There was also a synergetic effect, in the mortality of the scarab species Cyclocephala hirta LeConte and against a more nematode-resistant scarab species Cyclocephala pasadenae Casey when the entomopathogenic nematode Heterorhabditis bacteriophora (Poinar) was associated with imidacloprid (Koppenhöfer & Kaya 1998).

When M. anisopliae and sub-doses of imidacloprid were used for the control of C. cumulans in pastures, big nests of this termite were controlled using significantly lower concentrations of the fungus (Neves & Alves 1999).

Thus, this research was carried out to study the inhibition of C. cumulans grooming behavior when treated with entomopathogenic fungi and sub-doses of imidacloprid insecticide.


Material and Methods

C. cumulans termites were collected from field colonies in Piracicaba county, state of São Paulo, Brazil. M. anisopliae (1037) and B. bassiana (447) isolates were used from the collection of entomopathogens kept in the Insect Pathology Laboratory at ESALQ/USP. All the scanning electronic microscope observations were made on a Zeiss DMS 940 A.

Determination of the Sublethal Imida- cloprid Concentration. Imidacloprid concentrations used were 0; 0.1; 1; 10; 100 and 1000 ppm of active ingredient in water. Circular pieces of filter paper were deepened in the different suspensions and allowed to dry overnight. After drying they were placed in plastic petri dishes (60 mm diameter 20 mm high). Moistened filter paper were placed in the lid of the dishes which were then left in a B.O.D. incubator at 25±0.5°C in the dark. The mortality was assessed and movements/activity scores (0; 2; 5; 8 and 10) were established (0 - no movements – activity; 2 - little movements only by stimulation; 5 - rapid movements when stimulated; 8 - movements without stimulation and 10 - movements like control) 6, 12, 24, 48 and 72 hours after placing the insects in contact with imidacloprid. The experimental design was complete randomized, with five replications (dishes) with 15 insects per dish (two soldiers and 13 workers). Mortality data were submitted to Probit analyses. The corrected mortality was calculated by the difference between total death in the treatment and the control. The data were submitted to ANOVA and means compared by the Tukey's test (P < 0.05).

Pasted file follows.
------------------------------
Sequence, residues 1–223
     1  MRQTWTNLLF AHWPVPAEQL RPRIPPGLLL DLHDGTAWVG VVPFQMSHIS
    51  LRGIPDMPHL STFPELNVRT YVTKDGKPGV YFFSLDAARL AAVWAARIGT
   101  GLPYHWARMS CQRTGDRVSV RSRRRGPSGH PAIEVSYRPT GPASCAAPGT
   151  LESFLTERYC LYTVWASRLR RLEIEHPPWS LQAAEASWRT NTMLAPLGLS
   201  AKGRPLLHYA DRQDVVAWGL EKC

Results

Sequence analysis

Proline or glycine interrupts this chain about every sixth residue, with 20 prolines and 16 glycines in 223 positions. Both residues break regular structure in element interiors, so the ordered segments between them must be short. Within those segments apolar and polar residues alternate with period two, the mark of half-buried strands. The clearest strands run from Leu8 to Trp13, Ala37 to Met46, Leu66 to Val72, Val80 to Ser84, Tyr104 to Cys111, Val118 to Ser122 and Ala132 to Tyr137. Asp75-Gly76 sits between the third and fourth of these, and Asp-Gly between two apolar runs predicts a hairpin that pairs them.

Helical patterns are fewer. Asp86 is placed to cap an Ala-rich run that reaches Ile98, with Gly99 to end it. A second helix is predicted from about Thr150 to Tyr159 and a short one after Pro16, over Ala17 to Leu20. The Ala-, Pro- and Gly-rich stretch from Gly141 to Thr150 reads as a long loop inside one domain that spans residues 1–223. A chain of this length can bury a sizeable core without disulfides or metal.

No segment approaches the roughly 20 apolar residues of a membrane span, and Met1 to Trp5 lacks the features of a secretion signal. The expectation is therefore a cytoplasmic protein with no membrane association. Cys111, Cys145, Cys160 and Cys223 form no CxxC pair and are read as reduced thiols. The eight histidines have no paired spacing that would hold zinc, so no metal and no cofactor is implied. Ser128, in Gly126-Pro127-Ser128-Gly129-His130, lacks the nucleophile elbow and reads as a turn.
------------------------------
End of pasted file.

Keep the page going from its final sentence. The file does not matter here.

Synergism Between M. anisopliae, B. bassiana and Imidacloprid. Inhibition in grooming behavior was tested by spraying the termites with either 0.5 ml of M. anisopliae conidia suspension (isolate 1037) or B. bassiana (isolate 447) at concentrations of 7.3 X 108 and 1.6 X 109 conidia/ml, respectively. They were then placed on filter paper, in Petri dishes, treated or not with imidacloprid, as previously described. The following treatments were assessed: in treatment one (control) and treatment three (100 ppm imidacloprid) B. bassiana and M. anisopliae were applied separately; in treatment two (0 ppm of imidacloprid) and four (100 ppm imidacloprid) soldiers only (25) were used to observe their grooming capacity without workers, in these treatments M. anisopliae was applied and, in treatment five (10 ppm of imidacloprid) it was only used M. anisopliae and 100 workers and 15 soldiers. After treatment, the insects were kept in growth chamber at 25±0.5°C in the dark. Four insects were removed from each treatment (two soldiers and two workers, or four soldiers from treatments 2 and 4) immediately after the application and after 6, 12 , 24, 48 and 72 hours. These insects were killed in ether vapor, fixed in OsO4 vapor for 48 hours and dehydrated in a diseccator for 72 hours. The fixed insects were coated with gold using a sputter coater and observed under scanning electronic microscope.


Results and Discussion